Our own Sandy Coffta, Vice President of Client Services, spoke with Aunt Minnie’s Brian Casey at the 2019 RSNA Annual Meeting in Chicago. In the interview posted on auntminnie.com, Sandy mentioned some of the highlights that practices should be concerned about in the coming year.
We’ve been watching the development of the Appropriate Use Criteria/Clinical Decision Support (AUC/CDS) requirement since 2014 when it was first included in the Protecting Access to Medicare Act (PAMA 2014). The latest Medicare Physician Fee Schedule (MPFS) confirms that the requirement to use CDS will begin this coming year on January 1, 2020, but imposition of any penalties associated with the referring physician’s failure to do so will be delayed until 2021. We are currently in a voluntary reporting period that runs through the end of 2019, so it’s a good time for every radiology practice to review where it stands with regard to this important Medicare regulation.
In an article published in the online Journal of the American College of Radiology1, authors from Duke University Medical Center Department of Radiology present a study conducted to demonstrate the variability and complexity of radiologists’ dictated notes. The authors chose to analyze the language used to describe normal thyroid glands in chest CT reports as a “surrogate for the broader readability of radiology reports”. In a sample of nearly seven thousand non-contrast chest CT reports, the researchers found 342 unique sentences or phrases describing a normal thyroid gland. Furthermore, linguistic analysis suggested that descriptors for a normal thyroid gland require an advanced college-level education for comprehension. This text is well above the national average health literacy level and results in reports that are difficult for patients to understand.2
In radiology, like all other medical specialties, proper documentation is critical to achieving appropriate reimbursement. If the proper terminology is no used or important descriptors are omitted from the radiology report, the physician may not get paid for the services he or she performed.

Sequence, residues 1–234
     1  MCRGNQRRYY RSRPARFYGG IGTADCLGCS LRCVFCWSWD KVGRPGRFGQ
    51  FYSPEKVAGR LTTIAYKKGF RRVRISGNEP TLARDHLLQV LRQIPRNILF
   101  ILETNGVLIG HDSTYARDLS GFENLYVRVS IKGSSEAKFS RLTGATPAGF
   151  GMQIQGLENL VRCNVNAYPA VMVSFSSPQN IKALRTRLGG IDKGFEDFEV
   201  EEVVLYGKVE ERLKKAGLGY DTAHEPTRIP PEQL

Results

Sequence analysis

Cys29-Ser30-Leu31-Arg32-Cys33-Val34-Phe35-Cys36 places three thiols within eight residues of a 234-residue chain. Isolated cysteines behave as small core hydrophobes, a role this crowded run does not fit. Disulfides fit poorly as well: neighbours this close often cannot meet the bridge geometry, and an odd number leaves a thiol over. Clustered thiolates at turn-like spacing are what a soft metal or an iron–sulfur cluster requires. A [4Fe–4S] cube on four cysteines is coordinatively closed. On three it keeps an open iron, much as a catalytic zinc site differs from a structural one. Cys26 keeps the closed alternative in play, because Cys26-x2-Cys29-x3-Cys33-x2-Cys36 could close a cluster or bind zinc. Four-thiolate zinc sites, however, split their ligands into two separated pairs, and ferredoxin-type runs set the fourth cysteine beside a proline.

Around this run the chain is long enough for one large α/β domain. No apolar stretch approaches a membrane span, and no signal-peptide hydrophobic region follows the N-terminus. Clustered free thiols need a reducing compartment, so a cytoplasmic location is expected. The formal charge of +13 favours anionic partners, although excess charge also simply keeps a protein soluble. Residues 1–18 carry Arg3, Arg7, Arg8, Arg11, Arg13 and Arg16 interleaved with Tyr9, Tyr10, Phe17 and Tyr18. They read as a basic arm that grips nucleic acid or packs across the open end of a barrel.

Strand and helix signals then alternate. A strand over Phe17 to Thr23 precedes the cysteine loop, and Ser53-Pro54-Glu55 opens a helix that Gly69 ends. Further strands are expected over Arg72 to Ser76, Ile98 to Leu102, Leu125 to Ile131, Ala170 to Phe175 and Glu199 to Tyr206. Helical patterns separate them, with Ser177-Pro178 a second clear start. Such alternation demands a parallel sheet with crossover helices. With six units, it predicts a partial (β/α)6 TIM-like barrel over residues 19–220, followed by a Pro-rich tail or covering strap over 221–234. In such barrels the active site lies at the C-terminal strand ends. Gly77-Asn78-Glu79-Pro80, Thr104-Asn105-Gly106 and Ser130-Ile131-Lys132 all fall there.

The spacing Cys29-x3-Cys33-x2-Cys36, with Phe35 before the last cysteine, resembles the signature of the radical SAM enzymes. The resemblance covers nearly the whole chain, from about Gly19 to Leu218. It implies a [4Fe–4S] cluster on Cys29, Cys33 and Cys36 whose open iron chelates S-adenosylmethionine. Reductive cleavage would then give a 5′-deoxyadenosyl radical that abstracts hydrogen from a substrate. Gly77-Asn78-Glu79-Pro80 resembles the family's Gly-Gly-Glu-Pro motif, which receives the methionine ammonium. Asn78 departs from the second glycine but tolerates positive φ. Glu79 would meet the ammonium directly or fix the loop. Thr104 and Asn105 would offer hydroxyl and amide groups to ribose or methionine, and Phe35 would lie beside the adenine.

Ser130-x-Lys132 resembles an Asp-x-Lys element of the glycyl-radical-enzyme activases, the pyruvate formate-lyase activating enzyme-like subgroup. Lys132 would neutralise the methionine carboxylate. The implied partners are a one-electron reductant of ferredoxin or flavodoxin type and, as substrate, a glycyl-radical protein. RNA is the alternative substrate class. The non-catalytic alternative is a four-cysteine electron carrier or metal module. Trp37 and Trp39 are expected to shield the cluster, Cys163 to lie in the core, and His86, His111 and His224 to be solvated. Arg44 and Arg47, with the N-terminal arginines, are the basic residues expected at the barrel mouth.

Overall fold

Radiologists are understandably nervous about the Medicare rule requiring the use of Appropriate Use Criteria and Clinical Decision Support (AUC/CDS) systems.
The Medicare Physician Fee Schedule (MPFS) for 2017 contained some revisions to the coding and reimbursement for moderate sedation that will potentially impact radiology practices. Previously, moderate sedation was not separately reimbursed for many of the procedures listed in Appendix G of the CPT®[i] codebook. Sedation was bundled with the basic procedure, but now it will be reimbursed in addition to the basic procedure. There are important guidelines and documentation that must be met in order to use these codes, and radiologists interested in maximizing their reimbursements should review their reporting to be sure it supports proper coding under the new rules.
In our previous articles in this series, we covered the top two reasons for radiology claims denials, Patient Eligibility Problems and Lack of Proper Authorization. The third biggest reason for insurance claims denials is failure to document the medical necessity for the exam. Let’s take a look at this issue in detail so that your radiology practice can avoid such claims denials.
The goal of a well-managed radiology billing operation is to submit claims for services promptly and receive reimbursement as quickly as possible. Timely submission and prompt payment enhance the practice’s cash flow and keep the overall cost of billing at a minimum. All too often, however, payment is delayed because the payer denies the claim for some reason.
Along with the entire healthcare industry in America, radiology is increasingly being asked to standardize its methods of practice. Radiologists’ reports have traditionally been free-text documents in formats that vary from physician to physician, even within group practices. This individual style of reporting has become the radiologist’s personal signature on the work he or she has done with each patient exam but it does not lend itself to meeting modern requirements.
The Office of the Inspector General (OIG) is charged with auditing federal programs under the Department of Health and Human Services to identify waste, fraud and abuse in order to protect the integrity of these programs and the health and welfare of their beneficiaries. The OIG annually issues it’s Work Plan for the coming year, outlining the programs and specific areas that it will be investigating. Physician services paid by Medicare receive a major share of attention every year from the OIG. In this article, we will describe some of the areas under review in the 2016 Work Plan that will be of interest to radiologists.